The Apache is almost the polar opposite. Its refined, almost over-refined, motor feels relaxed and unstressed despite being significantly quicker in reality. It’s fun, undoubtedly, but you get the feel of being on an over-engineered motorcycle - also understandable, given that this platform was originally developed around a 200cc motor. It’s got the zest to outpace every motorcycle in its class through traffic, but you feel the missing punch and character. The gearbox, thankfully, is super slick and it helps the Apache’s superior numbers translate to a serious advantage on the streets. What further softens the sensations is the mildly more committed riding stance; the flat-ish handlebar can also get a bit taxing if you have a long commute, especially with generous servings of bad roads. Riders above 5’10” will find themselves sitting ‘on’ the Apache rather than ‘in’ it (not the case with the Gixxer) and a more limiting factor is its larger turning radius thanks to the limited lock-to-lock steering movement and longer wheelbase. To summarise, the Apache is fast and very capable, but it’s just not engrossing or extroverted enough in character.
Now, a strong motor is definitely an asset, but it’s incomplete without the ability to carve through congested city streets. And what about when the novelty wears off? Then, you’ll want to stick it out and still be happy about riding the same motorcycle, day in and day out, for years, right? Here, the contrast in their personalities only becomes more evident. The Apache is the more comfortable of the two, with its comfortable seat and pliant suspension, and it’s also the more poised handler, especially at higher speeds. The Gixxer’s friendlier ergonomics are countered by its stiffer suspension, and while the split-seat unit is stylish, it’s not as comfy for a very long riding day.
For carving through traffic, though, it’s the Gixxer that feels more responsive and rewarding. It’s far more chuckable, owing to its 22mm shorter wheelbase, 5kg lower kerb weight and, undoubtedly, the sticker MRF radial tyres. And although there is little evidence to suggest this on paper, the Gixxer’s chassis simply feels like it’s tuned to be more fun. The Apache is fun, but of a different kind. It feels more technical, more evolved and perhaps a bit too mature, and this perhaps comes from the fact that TVS takes its racetrack experience very seriously. The Gixxer comes across as more street-derived in comparison and while it lacks the finesse of the Apache, it feels more spirited, especially if you happen to be an enthusiast. On the brakes, too, it’s the Gixxer that’s got the stronger bite and better progression, although we won’t go over the braking distances since we don’t have the ABS version of the Apache on test.
Regardless of whether you are a college-goer or a commuter, that these bikes will find themselves down the open highway, even if occasionally, is a given. Here, the Apache is more comfortable, faster and more tractable. The seat is definitely better suited to day-long rides and, most of the time, overtakes don’t demand downshifts. However, at the post-7000rpm mark, you do feel some vibes from the Apache’s handlebar, seat and pegs, which is not the case with the Gixxer. The Gixxer has the refinement edge at higher revs but, more importantly, it doesn’t cease to be entertaining, owing to its responsive motor and inherent agility. I found the Gixxer’s ‘sit in’ riding position to be more confidence-inspiring in a fast environment, especially when riding against a headwind or sidewinds. Although, while the Gixxer is undeniably more fun on impeccable roads, it’s the Apache that’s more versatile on varying road surfaces. On another note, and interestingly, despite the Apache being more powerful and heavier, it is the more fuel-efficient, logging 50.91kmpl in the city and 56.1kmpl on the highway, as compared to the Gixxer’s 50.58kmpl (city) and 49.7kmpl (highway). Given that both feature 12-litre tanks, it’s the Apache that offers the greater range.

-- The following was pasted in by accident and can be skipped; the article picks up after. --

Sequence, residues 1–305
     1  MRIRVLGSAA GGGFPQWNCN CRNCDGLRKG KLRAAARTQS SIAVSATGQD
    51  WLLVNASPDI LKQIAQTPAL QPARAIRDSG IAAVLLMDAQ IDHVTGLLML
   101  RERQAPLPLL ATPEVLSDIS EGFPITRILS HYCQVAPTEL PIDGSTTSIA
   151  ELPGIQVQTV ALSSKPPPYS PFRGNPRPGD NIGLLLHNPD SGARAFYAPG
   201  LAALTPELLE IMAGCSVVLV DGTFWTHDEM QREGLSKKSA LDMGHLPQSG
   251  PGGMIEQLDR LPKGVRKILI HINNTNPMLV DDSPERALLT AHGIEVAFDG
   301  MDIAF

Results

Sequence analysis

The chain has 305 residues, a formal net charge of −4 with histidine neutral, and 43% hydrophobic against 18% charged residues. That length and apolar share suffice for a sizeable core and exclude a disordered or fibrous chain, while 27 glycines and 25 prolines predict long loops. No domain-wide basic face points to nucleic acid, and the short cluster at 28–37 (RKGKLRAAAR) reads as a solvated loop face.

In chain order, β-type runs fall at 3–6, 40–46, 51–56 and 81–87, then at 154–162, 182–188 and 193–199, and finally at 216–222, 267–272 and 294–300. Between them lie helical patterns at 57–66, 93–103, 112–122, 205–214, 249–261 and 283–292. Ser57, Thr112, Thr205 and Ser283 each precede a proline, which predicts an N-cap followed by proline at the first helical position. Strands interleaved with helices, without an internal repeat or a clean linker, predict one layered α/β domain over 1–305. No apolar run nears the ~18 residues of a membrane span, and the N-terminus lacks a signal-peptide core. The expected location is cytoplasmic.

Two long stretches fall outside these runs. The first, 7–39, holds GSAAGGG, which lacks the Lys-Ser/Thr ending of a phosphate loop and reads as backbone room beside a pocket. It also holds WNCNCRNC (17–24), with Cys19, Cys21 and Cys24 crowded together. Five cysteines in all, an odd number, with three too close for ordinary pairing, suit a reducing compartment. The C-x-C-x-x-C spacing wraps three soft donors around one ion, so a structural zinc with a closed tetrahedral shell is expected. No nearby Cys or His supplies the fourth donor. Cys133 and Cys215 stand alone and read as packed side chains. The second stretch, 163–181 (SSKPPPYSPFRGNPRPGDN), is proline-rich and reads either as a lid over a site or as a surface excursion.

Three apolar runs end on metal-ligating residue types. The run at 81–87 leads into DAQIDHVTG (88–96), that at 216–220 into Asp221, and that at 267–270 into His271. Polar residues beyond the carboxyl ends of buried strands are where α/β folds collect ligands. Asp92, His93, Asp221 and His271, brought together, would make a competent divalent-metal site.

That these two motorcycles are pronouncedly apart in terms of character is, by now, an established truth. But is it as simple as the age-old ‘depends on what you like’ fix? Wouldn’t you rather get a definite answer? Agreed, motorcycles are intensely personal, but for everyday motorcycles that cost a lakh of rupees, the choice can’t be an irrational one. The Apache, at Rs 99,101 (ex-showroom), may be only a thousand bucks cheaper than the Gixxer with its Rs 1,00,212 price tag, but it is, without a doubt, the better machine. That’s a big statement when you consider Suzuki, TVS’ erstwhile partner, has been in the business of making motorcycles for far longer and that TVS, plausibly, learned a lot about making motorcycles from it. On the evolution front, therefore, the Apache (and TVS) remain undisputed.
And while the Gixxer is unquestionably more fun, its imperfections are more functional than a matter of subjectiveness. That LED headlight, for instance, is hugely unimpressive, lacking adequate intensity, and while it’s nice that it sports a beefy fork, the ride quality will be harder to live with on an everyday basis. If a purely involving riding experience is your biggest priority, then the Gixxer is a wonderful motorcycle to buy, but the better all-rounder with more bang for the buck is, without a doubt, still the Apache.
Thanks for reporting this. The reported comment will be shortly removed from Zigwheels &
will be sent for moderation.
Yamaha FZ-S Fi V3.0 vs TVS Apache RTR 160 4V:...
2019 Suzuki Gixxer SF: First Ride Review
TVS Apache RTR 160 4V: 6600Km Long Term Roundup
TVS Apache RTR 160 4V: 5400Km Long Term Review
TVS Apache RTR 160 4V Carb: 3,900km Long Term...
TVS Apache RTR 160 4V Carb 3000km Long Term...
TVS Apache RTR 160 4V Carb 2000km Long Term...
TVS Apache RTR 160 4V Carb: 1500Km Long Term...
TVS Apache RTR 160 4V Vs Suzuki Gixxer: Road...
Suzuki Gixxer 2019 vs TVS Apache RTR 160 4V &...